ESSEC Business School Profs Veronica Casarin, Bernard Leca, Stefan Linder, and Adrian Zicari unveil their research into the ethical aspects of management control systems (MCS) and their impact on employee health and behaviour.
Ethics in Control Systems: Let’s go beyond simple compliance! Related research: Designing Ethical Management Control: Overcoming the Harmful Effect of Management Control Systems on Job-Related Stress published in the Journal of Business Ethics, Springer.
When we think about Ethics in the context of performance indicators and control systems, we tend to think about fraud. How to make sure that employees do not commit fraud. To be sure, fraud has been a longtime concern for company owners. Going back to biblical times, we have the story of a manager who frauds his master by undercharging clients (fifty measures of oil instead of one hundred). More recently, we may remember high profile fraud schemes like those of Enron, Parmalat, or Wirecard. In many of these cases, the concerned companies collapsed because of fraud.
Compliance: Tools and regulations
Small wonder that Ethics in control has frequently been considered mainly or exclusively as an issue of fraud prevention. In the last decades, and particularly after the subprime crisis in the U.S. (and its regulatory response, the Dodd-Frank Act), we have seen a consistent increase in regulations, in many sectors, both in the U.S. and in Europe. Consequently, Compliance emerged as a promising, growing professional field, well protected from crisis. Nowadays, no large company can afford not having a reliable Compliance office. Ethics, compliance, control systems.
Some may even dream of a highly advanced compliance mechanism that would bring the “perfect” company, by diminishing, nay, obliterating the very possibility of fraud. In this new world of utmost compliance, all employees would necessarily do the right thing, and Ethics would be an issue of the past. Ethics in Control Systems: beyond simple compliance.
However, this “Ethics as Compliance tools” approach is limited, and possible contrary to the long-term success of a company. Don’t get us wrong, of course we need to play by the rules. And certainly, management and company owners need to be sure that the company abides to the law. But an identification of Ethics with Compliance is a too narrow perspective. We need to go beyond simple compliance. Ethics, compliance, control systems.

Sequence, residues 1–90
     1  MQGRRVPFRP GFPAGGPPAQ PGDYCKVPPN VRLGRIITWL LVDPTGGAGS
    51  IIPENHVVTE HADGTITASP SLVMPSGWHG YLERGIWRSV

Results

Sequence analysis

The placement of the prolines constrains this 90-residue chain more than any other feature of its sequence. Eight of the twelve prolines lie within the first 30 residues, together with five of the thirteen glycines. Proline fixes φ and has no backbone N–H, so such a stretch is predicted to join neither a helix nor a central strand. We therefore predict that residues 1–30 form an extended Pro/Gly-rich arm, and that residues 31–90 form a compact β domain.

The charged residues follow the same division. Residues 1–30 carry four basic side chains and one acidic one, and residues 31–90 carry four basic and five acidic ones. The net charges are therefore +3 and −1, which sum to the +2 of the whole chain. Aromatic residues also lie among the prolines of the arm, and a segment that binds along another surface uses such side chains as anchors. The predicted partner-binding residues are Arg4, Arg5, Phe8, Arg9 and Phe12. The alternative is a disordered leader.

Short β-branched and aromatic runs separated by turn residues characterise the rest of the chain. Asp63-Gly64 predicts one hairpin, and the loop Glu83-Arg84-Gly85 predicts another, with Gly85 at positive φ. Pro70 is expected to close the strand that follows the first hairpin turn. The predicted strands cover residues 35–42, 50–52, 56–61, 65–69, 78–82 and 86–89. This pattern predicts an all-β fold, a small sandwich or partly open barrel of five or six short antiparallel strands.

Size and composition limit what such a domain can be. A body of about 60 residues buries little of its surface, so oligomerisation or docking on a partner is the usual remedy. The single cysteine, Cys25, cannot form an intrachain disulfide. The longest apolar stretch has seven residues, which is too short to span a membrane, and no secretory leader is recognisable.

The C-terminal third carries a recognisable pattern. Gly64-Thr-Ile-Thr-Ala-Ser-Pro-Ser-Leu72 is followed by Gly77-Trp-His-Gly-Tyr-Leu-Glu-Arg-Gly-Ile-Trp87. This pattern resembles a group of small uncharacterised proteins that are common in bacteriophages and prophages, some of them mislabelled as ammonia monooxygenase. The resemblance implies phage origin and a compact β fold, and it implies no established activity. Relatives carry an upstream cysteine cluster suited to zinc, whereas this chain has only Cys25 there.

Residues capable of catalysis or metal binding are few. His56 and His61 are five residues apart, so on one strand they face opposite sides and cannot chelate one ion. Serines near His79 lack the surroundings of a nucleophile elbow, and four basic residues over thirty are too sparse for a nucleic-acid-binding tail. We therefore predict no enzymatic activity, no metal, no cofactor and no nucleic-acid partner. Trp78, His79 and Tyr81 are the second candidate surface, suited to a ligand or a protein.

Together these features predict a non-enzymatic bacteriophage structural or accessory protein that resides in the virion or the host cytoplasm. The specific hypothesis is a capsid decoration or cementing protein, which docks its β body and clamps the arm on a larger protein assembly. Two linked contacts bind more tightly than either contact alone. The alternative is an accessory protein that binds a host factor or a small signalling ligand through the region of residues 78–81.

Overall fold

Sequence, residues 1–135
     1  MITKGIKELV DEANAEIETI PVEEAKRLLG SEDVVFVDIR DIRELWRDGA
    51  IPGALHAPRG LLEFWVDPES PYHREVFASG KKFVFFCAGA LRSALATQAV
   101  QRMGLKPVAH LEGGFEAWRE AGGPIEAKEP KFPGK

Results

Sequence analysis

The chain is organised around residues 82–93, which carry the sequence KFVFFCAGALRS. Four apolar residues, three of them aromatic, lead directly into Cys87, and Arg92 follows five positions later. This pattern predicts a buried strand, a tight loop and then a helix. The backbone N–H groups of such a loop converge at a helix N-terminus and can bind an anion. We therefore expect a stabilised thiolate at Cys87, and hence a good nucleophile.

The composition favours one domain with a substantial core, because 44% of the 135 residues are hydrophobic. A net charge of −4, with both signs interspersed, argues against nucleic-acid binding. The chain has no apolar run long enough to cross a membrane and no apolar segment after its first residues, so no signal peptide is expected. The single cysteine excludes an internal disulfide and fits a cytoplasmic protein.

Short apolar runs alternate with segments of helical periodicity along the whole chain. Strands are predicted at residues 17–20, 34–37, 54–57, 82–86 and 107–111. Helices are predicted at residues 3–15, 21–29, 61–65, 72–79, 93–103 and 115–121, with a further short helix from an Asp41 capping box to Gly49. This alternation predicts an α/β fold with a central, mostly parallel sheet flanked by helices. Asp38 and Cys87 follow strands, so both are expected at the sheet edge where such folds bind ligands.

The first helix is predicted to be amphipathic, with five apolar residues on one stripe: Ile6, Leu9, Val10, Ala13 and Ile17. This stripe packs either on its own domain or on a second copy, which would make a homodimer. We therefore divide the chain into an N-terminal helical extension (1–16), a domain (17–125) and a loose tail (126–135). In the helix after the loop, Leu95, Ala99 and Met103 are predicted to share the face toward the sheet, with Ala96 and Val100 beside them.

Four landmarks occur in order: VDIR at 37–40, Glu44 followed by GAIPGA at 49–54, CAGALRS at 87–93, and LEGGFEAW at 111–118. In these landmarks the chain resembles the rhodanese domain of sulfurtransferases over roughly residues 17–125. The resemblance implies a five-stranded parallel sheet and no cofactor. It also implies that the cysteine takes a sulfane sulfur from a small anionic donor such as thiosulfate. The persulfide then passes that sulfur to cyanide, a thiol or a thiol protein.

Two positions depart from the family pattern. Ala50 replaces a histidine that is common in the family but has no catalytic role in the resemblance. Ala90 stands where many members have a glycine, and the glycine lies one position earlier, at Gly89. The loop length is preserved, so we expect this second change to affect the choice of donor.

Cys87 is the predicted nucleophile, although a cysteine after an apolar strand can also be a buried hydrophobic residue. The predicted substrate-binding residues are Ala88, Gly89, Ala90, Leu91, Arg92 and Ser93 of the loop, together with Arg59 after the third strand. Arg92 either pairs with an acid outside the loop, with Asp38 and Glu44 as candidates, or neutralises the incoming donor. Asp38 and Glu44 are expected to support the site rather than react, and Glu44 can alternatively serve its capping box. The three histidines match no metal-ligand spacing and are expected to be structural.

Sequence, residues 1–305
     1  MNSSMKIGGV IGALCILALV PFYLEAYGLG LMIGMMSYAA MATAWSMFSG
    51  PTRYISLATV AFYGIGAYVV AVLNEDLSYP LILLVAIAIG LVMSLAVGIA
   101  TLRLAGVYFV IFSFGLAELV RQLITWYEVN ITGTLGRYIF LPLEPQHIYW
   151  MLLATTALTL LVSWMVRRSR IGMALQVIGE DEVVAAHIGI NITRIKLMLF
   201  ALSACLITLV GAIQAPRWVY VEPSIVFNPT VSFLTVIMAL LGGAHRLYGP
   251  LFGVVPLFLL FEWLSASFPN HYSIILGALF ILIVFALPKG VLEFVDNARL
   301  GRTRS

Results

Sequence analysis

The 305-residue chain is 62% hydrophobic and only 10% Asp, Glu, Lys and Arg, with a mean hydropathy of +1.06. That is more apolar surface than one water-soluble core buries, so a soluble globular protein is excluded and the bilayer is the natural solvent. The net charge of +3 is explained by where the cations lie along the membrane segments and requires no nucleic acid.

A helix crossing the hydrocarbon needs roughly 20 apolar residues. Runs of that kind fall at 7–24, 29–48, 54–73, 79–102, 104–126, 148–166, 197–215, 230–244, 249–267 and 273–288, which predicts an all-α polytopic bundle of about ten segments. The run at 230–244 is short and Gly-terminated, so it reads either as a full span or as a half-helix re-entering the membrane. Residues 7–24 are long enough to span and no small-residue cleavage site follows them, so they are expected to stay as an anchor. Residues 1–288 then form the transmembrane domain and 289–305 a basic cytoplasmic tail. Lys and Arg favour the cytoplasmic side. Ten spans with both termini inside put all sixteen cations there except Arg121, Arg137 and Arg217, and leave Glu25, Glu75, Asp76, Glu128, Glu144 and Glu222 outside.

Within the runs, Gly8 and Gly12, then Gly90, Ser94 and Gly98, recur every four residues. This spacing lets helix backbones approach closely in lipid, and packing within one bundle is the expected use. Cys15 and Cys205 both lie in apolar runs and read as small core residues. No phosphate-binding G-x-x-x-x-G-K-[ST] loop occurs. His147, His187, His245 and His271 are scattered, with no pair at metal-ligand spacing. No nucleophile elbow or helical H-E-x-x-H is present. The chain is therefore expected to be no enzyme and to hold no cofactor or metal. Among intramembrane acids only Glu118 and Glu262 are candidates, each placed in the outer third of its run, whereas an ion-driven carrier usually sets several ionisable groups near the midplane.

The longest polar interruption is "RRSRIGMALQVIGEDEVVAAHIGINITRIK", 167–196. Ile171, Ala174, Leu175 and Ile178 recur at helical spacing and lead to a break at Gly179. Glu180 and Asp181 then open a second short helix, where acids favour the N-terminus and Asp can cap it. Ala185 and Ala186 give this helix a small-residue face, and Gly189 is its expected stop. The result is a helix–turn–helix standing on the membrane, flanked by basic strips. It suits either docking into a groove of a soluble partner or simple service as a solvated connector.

Control and employee well-being
In our research, we take a different path. We believe that some compliance tools are certainly necessary as long as they do not end up in excessive box-ticking and much welcome to spot and discourage unethical behaviors. But Ethics cannot be limited to that. We go a step further by asking how a Control system can be designed to be ethical. We particularly focus on how a Control system can help to develop the full potential of human beings, without damaging them. E
To do so, our group has conducted several studies, using different and complementary research methods. For instance, in a study with more than four hundred managers in the UK and the U.S., we explore how a Control system can be more ethical. Among other results, our studies suggest that tight standards (e.g. a slashed budget) increase harmful job-related stress and the risk of burnout in employees.
In contrast, combining different financial and non-financial indicators, as it happens in the Balanced Scorecard (with its lesser emphasis on financial performance) rather than relying on financial metrics only seems to lower both, harmful threat-related stress and the risk of burnout. And our data suggest that pay-for-performance increases employees’ perceived challenge (a form of motivation) without increasing the danger of burnout.
Much to gain from ethics
Thus, Ethics in Management Control is not just about reducing people’s leeway. This “policing” mindset has already reached its limits. We claim instead that an ethical reflection about Control tools, their use and their potential for bringing the best out of people and avoid harming them is a much-needed endeavor. And that companies, employees, and society in general have much to win if we follow this less trodden path! Ethics in Control Systems: beyond simple compliance
- View Professors Veronica Casarin, Stefan Linder, Bernard Leca and Adrian Zicari’s academic profiles and publications in the field of responsible leadership and sustainable business practices
- Read a related article: Re-thinking the role of management controllers in the digital age
- Study at ESSEC Business School, France, Asia-Pacific, Africa.
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